US Regulators Use Carrots and Sticks For ICOs and Crypto Investments

Bitcoin, Blockchain and the Law | June 8, 2018 By:

US state and federal regulators recently offered carrots to guide market actors toward better behavior and are using the stick of enforcement actions to discourage fraud in ICOs and other cryptocurrency-related offerings.

 The US Commodity Futures Trading Commission (CFTC) recently issued guidance for the listing of virtual currency derivative products to registered exchanges and clearinghouses in Staff Advisory No. 18-14, “Advisory with respect to Virtual Currency Derivative Product Listings” (Staff Advisory). In an effort to provide regulatory clarity while helping market participants keep pace with innovation, the Staff Advisory is designed to help market participants design management programs that address virtual currency products. The Staff Advisory clarifies the CFTC staff’s priorities and expectations in its review of new digital currency derivatives to be listed on a designated contract market (DCM) or swap execution facility (SEF), or to be cleared by a derivatives clearing organization (DCO).

The Staff Advisory provides expectations and guidance in five areas: (1) enhanced market surveillance, (2) coordination with CFTC staff, (3) large trader reporting, (4) outreach to stakeholders and (5) DCO risk management. Highlights of the Staff Advisory include a focus on continuously monitoring relevant data deeds to identify manipulation and a recommendation that exchanges set the large trader reporting threshold at five bitcoin, or the equivalent for other virtual currencies, in order to facilitate surveillance of the futures and options market.

The North American Securities Administrators Association (NASAA) announced coordinated enforcement actions by US state and Canadian provincial securities regulators cracking-down on fraudulent initial coin offerings (ICOs), cryptocurrency investment products and their promoters. Operation Cryptosweep involves NASAA members from more than 40 jurisdictions in the United States and Canada and has resulted in 70 inquiries and investigations and 35 pending or completed enforcement actions in only 3 weeks. Additional enforcement actions are expected. Several NASAA members are also conducting public outreach to warn investors of risks associated with ICOs and cryptocurrencies.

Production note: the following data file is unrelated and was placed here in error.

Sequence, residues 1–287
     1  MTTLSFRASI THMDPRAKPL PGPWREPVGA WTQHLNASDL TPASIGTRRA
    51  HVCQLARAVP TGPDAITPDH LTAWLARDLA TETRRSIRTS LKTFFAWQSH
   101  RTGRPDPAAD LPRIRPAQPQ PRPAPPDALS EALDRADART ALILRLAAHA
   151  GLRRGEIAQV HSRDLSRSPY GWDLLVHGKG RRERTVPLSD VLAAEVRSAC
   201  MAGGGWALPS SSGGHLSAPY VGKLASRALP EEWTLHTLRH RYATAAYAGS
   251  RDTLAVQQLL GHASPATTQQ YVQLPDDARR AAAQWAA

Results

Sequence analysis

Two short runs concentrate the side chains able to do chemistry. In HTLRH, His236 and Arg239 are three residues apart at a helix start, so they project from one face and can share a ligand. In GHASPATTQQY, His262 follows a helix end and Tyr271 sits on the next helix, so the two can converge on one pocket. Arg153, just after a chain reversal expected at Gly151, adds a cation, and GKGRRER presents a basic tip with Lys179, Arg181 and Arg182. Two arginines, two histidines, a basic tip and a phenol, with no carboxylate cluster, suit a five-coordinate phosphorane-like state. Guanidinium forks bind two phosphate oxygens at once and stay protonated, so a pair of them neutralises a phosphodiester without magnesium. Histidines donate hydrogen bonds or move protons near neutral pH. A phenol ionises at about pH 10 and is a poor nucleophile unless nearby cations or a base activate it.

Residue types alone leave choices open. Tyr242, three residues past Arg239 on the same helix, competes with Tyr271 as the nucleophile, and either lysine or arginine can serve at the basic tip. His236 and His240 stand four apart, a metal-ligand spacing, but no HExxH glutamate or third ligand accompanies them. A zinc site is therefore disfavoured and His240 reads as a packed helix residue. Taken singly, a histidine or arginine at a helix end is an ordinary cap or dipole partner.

The US Securities and Exchange Commission (SEC) Chairman Jay Clayton applauded the efforts, stating that while “there are improvements that can be made to our regulatory system” he supported the effort to crack-down on fraud in the ICO markets. He also noted that “regulators are coordinating on an international level to take strong actions to deter and stop fraud.”

NASAA members’ efforts to educate investors about ICOs were echoed by the SEC’s tongue-in-cheek website. The SEC recently announced the investor education site and related materials to provide guidance by way of example of what the SEC believes are the hallmarks of a scam token offering. The site “mimics a bogus coin offering to educate investors about what to look for before they invest in a scam.” Anyone considering conducting an ICO should also take note of these “classic warning signs of fraud.”

The site includes a countdown clock, promise of guaranteed returns, celebrity endorsements, a statement that the tokens will trade on an “SEC compliant” exchange, the ability to pay with credit cards, and statements to the effect that this is a pump and dump scheme. The site also includes stock photography of beautiful tropical locations and pictures of SEC staff posing as pseudonymous advisors to the project.

The SEC has provided a white paper for the project, complete with enthusiastic but vague descriptions of the business opportunities in the travel industry and a purported description of the world’s monetary system. It promises alliances with various travel partners, including airlines, hotels and resort brands. As on the token sale website, the white paper promises immediate returns and a call that this is a “can’t miss investment opportunity.” and the accompanying white paper and guidance provide useful information not only to potential investors, but also to anyone contemplating an ICO.

In conclusion, the CFTC’s and SEC’s regulatory guidance and education efforts and the NASAA’s coordinated enforcement actions demonstrate the broad range of tools available to regulators. These recent actions demonstrate that US regulators are providing guidance to allow for technological and market innovation while bringing enforcement actions to curb fear, uncertainty and doubt in our financial markets.